While I hate there is a caveat, there is. What I couldn’t seem to move past is in the middle of the sermon the pastor said “If you allow sin to thrive in your life, you will receive a letter saying you are no longer welcome in small group because we will not let you bring the rest of us down.” Ummm…excuse me? If you’re rolling your eyes, don’t worry, I was too. This, among other statements, I couldn’t seem to move past.
I struggled so much with this I called my dad. I couldn’t understand why a pastor would outright say someone was not welcome in the church. I explained to my dad that as a visitor, it turned me off to the church. I felt like if I continued, if I joined, I would live more under an umbrella of legalism than grace.
I remember telling my dad I know grace doesn’t mean go live the life I want and feel no remorse, but I simply couldn’t understand why they would say someone who is struggling with anything in their life isn’t welcome. I felt as if I would constantly be judged because I struggled with things differently from them. All I could think was “How can you sit here and say you’re a sinner saved by grace and not extend that grace to someone else? Where is the ‘love like Christ’ in that?”
Sure, you can guilt and shame a person into changing their behavior, but kindness and mercy are what have the potential to change a heart. Grace spares us of our shame (which we ALL have). We can’t experience transformational change with God when we pretend like certain pieces of our hearts aren’t broken.
So I kept searching. From the recommendation of a friend of my dad’s, and wanting to try it personally, I decided to go to a church right off the interstate in Fort Worth.
I went even though I didn’t know a single person. I walked in alone. I felt vulnerable and exposed. It was a feeling I had never known before. After all, I grew up in the church. I always knew everyone there. And even if I didn’t know them, they certainly knew me. This time, that wasn’t the case.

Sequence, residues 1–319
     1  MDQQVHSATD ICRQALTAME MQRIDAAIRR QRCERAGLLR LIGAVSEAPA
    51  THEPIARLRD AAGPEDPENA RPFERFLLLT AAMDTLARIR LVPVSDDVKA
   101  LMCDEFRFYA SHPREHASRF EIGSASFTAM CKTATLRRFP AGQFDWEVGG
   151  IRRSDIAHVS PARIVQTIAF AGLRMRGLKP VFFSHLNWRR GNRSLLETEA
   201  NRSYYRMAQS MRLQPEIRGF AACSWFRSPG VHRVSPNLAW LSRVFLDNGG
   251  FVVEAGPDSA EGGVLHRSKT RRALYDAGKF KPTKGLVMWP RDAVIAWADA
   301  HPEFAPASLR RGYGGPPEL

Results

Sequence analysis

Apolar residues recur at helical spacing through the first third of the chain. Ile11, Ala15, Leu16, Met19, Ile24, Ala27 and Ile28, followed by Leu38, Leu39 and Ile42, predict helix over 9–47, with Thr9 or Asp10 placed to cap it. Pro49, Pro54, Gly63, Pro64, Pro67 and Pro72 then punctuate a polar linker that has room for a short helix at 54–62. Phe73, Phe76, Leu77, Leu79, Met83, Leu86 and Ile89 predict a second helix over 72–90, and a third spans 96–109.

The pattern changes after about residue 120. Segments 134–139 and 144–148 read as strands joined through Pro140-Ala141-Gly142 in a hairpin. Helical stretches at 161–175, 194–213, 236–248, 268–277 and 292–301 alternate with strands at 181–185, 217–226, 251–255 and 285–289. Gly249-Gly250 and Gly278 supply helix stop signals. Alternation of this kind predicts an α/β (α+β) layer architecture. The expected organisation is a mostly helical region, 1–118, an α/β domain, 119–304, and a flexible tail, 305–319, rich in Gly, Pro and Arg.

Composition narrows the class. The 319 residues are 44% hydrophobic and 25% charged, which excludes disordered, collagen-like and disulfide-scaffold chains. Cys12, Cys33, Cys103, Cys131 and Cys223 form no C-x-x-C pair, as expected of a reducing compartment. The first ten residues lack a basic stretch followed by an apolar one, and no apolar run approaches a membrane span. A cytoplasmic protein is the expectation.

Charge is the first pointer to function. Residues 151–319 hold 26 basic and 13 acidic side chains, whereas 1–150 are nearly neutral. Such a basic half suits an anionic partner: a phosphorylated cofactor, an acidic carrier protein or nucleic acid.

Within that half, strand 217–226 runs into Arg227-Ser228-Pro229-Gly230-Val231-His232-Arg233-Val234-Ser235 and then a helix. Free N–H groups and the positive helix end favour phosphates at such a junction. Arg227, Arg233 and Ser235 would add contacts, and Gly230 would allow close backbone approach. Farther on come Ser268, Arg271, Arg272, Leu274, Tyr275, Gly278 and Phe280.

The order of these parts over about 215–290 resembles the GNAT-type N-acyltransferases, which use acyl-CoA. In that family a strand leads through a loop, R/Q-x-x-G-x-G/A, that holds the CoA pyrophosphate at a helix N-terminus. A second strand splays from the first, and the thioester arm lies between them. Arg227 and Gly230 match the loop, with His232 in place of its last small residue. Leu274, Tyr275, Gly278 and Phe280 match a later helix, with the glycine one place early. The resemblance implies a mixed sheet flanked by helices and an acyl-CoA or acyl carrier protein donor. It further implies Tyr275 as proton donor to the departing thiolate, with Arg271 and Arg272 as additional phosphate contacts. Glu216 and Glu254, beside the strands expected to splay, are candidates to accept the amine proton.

It’s hard not to wonder what people think about you. Is she coming because she’s a “good girl”? Is she coming because her life is screwed up and she’s desperate? Though if we’re honest, it’s a combination of both. I didn’t know what to think or feel. All I knew was I wanted a church I could call home.
Again, worship in the church consisted of music from Hillsong, Bethel Worship, and ChurchHouse. However, what felt different about this church was the preaching. My first Sunday there, my dad’s friend Scott that recommended I try out the church was actually guest preaching. Talk about an act of God. Then the pastor began a sermon series entitled Authentic Hope. It was one of those moments I just felt like I needed to keep coming (even though Scott joked with me I would have better luck finding a husband at a mega-church).
I was so worried about people in the church, and what they would think of me, God took care of even that. On my second Sunday, I was walking out when I reached the exit at the same time as an elderly couple. The wife insisted I go first because they were slower, but I told her it was no problem and I would walk out with them. She wasted no time striking up conversation with me, asking me what brought me to the church, was I in school or a young professional (but I’m both), and just casual conversation. She introduced herself and her husband to me, shook my hand, and said she genuinely prayed she would see me again. It was that very act of kindness that I needed.
Similar to my spiritual apathy post, I think very rarely does someone walk into a church and know it’s the church for them on the first try. You have to make sure you will be comfortable there, and more importantly it is where God has called you to be. In Waco, I knew I wanted to join Columbus after three weeks (though I waited another month before I finally did). For now, this church of I-35 in Fort Worth feels like the best fit for me.